I haven’t seen the movie – it’s sounds like it would be worthwhile but I’m feeling like some prior posters- it’s perhaps too disturbing for me. I know what you mean about fearing the end. I’m not afraid of dying – but of lingering on and on. And I am fearful of waiting too long to make the choice, or that I’ll have no choice and will have to live out my final days (years?) in a decrepit condition.

    Don’t those states that allow suicide require you to be a resident of at least 6 months? What state beside Oregon allows suicide for terminal people?

    It was good for me to learn about the “Zurich cocktail”.

    An American man was suffering from ALS and becoming more and more dependent on his wife for shaving, bathing, feeding. he went to Zurich because they allow suicide tourism.

    I saw his story on tv on kpbs [ FRONTLINE ] but you can watch this suicide tourist program on-line :

    http://www.pbs.org/wgbh/pages/frontline/suicidetourist/

    (LMS: I deleted the two videos you said you posted in error, Shelley.)

    Reply
  9. Shelley Charlesworth

     /  September 13, 2013

    I’m sorry – the wrong youtube got posted twice.
    Here are the 2 I thought I was posting:

    Reply
  10. God I love you Lynne. You put those BIG important issues right out on the table. I want to have that choice if I have a stroke or affliction that diminishes my quality of life. AMEN sista!

    Reply
  11. suegas@comcast.net

     /  September 13, 2013

    Lynn, thought based on your review of the movie Amour subject matter you might be interested in this….. Sue Gaston

    This a legitimate issue which needs support. Pls see the numerous articles about this case on the internet! When you read them you will be angry about this charge and concerned about your rights to make your own end of life decisions.

    Sept 2013

    Pennsylvania nurse and loving daughter Barbara Mancini faces up to 10 years in prison for allegedly “assisting suicide” in the death of her 93-year-old, terminally ill father, Joe Yourshaw. Joe was receiving hospice care because he wanted to die peacefully at home. Barbara was caring for her father in his living room when he took morphine to relieve his severe pain. An ambulance took Joe to the hospital, and a police captain arrested Barbara.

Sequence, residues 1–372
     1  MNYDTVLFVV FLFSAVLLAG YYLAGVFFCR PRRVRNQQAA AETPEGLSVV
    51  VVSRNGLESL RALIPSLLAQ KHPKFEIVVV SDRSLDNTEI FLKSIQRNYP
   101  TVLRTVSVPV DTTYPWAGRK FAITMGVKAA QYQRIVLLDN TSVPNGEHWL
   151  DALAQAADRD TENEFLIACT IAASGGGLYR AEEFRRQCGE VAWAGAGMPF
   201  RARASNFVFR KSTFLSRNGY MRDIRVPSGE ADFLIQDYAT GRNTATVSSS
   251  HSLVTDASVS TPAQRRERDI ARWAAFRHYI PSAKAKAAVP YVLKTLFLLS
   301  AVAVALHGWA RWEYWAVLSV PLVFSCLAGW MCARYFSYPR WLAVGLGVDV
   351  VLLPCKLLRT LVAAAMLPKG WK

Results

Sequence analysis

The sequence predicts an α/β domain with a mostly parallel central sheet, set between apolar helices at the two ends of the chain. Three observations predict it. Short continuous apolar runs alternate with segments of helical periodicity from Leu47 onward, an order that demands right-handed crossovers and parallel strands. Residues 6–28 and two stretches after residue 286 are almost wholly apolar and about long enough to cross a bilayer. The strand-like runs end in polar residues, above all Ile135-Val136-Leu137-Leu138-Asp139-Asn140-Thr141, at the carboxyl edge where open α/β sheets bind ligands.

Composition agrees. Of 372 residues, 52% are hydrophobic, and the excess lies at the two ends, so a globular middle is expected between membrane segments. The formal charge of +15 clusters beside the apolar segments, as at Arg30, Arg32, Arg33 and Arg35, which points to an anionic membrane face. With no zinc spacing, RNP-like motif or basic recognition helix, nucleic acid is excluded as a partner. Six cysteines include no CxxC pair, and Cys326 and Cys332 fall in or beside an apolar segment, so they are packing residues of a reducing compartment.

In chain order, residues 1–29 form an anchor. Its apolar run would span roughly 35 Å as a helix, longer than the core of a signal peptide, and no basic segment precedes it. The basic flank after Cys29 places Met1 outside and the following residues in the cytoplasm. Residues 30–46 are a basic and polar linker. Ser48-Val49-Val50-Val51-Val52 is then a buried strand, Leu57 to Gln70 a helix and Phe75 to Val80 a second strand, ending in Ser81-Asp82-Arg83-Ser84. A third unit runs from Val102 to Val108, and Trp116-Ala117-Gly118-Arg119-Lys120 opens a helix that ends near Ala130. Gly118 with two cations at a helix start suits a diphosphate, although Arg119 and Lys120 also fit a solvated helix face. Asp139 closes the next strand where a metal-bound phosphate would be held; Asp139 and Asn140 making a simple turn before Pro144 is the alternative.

This is a chilling example of government authorities criminalizing a most intimate, personal decision. Would you want them to question yours? Sign the petition and stand with Barbara. That’s why I signed a petition to Kathleen Kane, Attorney General, which says:

    “Stop the unjust prosecution of Barbara Mancini and drop the felony charge against her.”

    Click here to add your name: http://petitions.moveon.org/sign/attorney-general-kane?source=s.fwd&r_by=8749942

    Reply
  12. Watched the trailer and 1 of the videos. Sorry, but this is just wrong. It is murder. You are either murdering yourself or helping somebody else to murder themselves. Plus, it’s a good way to “get rid of the old lady” so you can move on. I hope my husband never encourages or helps me to do this. I am glad it is still illegal in most places. What’s to stop us from getting rid of anybody who is a bother, or who is unwanted? This is where godless socialism ends up. As for Barbara, if she didn’t overdose her father, but he took too much morphine himself, why is she being arrested?

    Reply
    • Ellie, I’m sorry you feel that way. There are differing opinions on this subject, and I think all of them are passionately held. As to your last sentence, that is definitely the question!

      Reply

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  • Lynne Spreen

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    Lynne Spreen's book recommendations, liked quotes, book clubs, book trivia, book lists (read shelf)